The reduction marks a stark shift for Mr. Powell and his colleagues. They had previously projected no change in rates during 2020, remaining on the sidelines during the election year, after lowering their benchmark three times in 2019 to a range of 1.5% to 1.75%.

Clarida stance

As recently as last week, some officials, including the Fed vice chairman, Richard Clarida, had indicated they thought it was too soon to respond to the virus. They pledged to monitor the situation, but argued monetary policy was already easy and the fundamentals of the economy strong, with unemployment near a 50-year low.

But as the number of reported cases of the virus rose around the world in recent days and the U.S. reported its first fatality, tradersincreasingly bet the Fed would step in. Powell seemed to cement that view with a promise on Friday to “act as appropriate,” which lent some support to stocks.

Lower rates do little for factories that lack needed materials from abroad and they are unlikely to spur consumers to shop if they’re scared of infection. But they should support consumer and business sentiment as well as ease financial conditions by making debt payments easier to manage and by calming market volatility.

Mr. Powell has staked his chairmanship on sustaining the expansion, words he has used to describe the essential mission of the Federal Open Market Committee, the Fed’s rate-setting panel.

Despite the limited ability of monetary policy to ease the impact of a public health emergency, the rate cut could support consumer and business sentiment. Lawmakers are working on a $7.5 billion virus response bill, another reminder that critical fiscal policy can take weeks to move through Congress.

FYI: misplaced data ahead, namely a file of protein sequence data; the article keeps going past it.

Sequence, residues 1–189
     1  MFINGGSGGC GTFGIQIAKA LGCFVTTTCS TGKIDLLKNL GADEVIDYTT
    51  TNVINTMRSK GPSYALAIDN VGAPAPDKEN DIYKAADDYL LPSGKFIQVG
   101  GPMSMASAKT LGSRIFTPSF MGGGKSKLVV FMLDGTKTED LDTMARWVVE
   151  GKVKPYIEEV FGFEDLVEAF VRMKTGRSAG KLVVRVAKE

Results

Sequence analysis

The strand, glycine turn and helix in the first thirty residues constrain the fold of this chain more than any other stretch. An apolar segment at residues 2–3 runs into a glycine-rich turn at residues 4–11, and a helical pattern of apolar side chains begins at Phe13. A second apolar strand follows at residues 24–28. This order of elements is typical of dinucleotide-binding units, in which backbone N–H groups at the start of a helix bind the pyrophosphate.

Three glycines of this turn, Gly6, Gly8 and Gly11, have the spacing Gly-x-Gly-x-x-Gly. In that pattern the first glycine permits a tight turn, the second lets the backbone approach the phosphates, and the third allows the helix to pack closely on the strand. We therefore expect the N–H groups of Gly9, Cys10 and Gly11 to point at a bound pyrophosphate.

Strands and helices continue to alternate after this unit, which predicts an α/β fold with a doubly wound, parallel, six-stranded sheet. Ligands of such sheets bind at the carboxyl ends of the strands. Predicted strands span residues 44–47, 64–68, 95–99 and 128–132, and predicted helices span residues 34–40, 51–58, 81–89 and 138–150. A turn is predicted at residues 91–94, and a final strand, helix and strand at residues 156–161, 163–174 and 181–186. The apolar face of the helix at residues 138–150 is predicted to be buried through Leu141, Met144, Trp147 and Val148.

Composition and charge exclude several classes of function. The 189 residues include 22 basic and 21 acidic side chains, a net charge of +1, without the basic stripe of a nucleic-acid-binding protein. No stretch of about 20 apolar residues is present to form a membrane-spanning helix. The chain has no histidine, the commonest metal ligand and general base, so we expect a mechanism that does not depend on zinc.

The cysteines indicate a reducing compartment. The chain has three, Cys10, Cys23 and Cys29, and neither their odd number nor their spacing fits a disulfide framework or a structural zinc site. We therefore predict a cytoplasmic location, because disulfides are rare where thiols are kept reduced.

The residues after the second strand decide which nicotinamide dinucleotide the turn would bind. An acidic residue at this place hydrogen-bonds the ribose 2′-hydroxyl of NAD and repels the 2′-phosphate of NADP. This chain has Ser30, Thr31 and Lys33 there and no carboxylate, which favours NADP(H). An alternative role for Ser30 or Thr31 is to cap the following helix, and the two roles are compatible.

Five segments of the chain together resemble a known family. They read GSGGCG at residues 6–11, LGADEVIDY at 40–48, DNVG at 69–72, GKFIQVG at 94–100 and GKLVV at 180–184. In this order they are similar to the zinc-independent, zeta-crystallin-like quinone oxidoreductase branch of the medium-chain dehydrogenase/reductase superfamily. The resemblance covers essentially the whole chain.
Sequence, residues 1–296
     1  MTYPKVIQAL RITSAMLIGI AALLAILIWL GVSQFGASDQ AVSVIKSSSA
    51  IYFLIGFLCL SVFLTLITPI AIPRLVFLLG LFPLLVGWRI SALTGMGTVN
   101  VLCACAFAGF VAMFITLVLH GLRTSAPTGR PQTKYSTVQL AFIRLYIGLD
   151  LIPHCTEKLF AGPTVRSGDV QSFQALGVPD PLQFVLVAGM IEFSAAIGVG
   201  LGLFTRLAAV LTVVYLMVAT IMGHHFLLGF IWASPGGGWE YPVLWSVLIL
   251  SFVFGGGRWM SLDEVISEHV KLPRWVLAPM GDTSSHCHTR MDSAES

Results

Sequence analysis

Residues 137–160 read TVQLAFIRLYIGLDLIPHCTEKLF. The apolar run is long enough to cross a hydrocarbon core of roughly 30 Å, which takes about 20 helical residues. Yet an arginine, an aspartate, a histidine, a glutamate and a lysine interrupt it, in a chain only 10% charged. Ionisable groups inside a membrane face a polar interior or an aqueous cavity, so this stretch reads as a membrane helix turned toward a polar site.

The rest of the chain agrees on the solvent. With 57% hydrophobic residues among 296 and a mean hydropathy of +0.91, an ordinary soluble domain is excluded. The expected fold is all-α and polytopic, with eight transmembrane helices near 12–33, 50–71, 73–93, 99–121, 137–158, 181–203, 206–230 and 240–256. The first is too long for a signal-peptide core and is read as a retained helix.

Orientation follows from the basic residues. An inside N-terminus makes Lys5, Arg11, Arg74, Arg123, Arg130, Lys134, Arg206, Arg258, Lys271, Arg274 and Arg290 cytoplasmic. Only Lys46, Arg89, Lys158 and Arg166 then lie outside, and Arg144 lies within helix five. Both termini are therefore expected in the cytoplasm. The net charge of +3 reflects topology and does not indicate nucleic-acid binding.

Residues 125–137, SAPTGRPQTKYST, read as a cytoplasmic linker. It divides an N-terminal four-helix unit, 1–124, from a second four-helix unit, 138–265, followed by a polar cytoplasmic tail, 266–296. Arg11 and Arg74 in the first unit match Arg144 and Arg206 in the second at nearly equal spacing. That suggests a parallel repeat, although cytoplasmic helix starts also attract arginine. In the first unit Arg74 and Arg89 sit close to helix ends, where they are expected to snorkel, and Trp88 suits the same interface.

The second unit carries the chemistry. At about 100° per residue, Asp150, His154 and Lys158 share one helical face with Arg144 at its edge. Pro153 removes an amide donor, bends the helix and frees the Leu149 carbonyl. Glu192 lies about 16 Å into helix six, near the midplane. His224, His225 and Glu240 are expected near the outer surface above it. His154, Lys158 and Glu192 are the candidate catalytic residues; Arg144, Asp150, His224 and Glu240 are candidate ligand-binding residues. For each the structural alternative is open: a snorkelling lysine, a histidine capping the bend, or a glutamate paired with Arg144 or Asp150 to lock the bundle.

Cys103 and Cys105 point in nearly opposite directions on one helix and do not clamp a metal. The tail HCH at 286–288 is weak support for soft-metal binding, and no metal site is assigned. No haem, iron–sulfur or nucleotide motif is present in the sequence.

No silver bullet

One lesson Fed officials will take away from this moment is how rapidly their policy space is used up in a crisis. Total cuts of one percentage point this year, which several Wall Street firms are forecasting, would bring the bottom range of the Fed policy rate down to 0.5%. If the virus impact is worse than expected, or if the economy is hit by a separate shock, the policy rate could strike zero.

At that point, Fed officials are left with unconventional tools, such as purchases of longer-dated Treasuries — known as quantitative easing. The effectiveness of such tools when longer-term rates are already low remains to be seen.

The Fed is in the midst of a review of its tool kit to achieve its goal of maximum employment and stable prices. They are considering policies such as outcome-based forward guidance, where a policy change would be linked to some tangible metric such as achieving an inflation rate, and yield curve caps.

Wherever the discussion lands, the virus has highlighted the need for better fiscal and monetary policy coordination in a time of exceptionally low interest rates, says Julia Coronado, the president of MacroPolicy Perspectives.

The Fed is “carrying the domestic burden and the global burden,” Ms. Coronado said. “The fiscal policy response has been lacking. There are people that are going to be struggling to pay their bills and certain workers are going to lose incomes. This is the shock that needs to be insured and we are really behind the curve.”

The Fed acted hours after Mr. Powell and finance chiefs from the Group of Seven nations said they would “use all appropriate policy tools to achieve strong, sustainable growth and safeguard against downside risks.” That echoed a statement Chairman Jerome Powell made on Friday.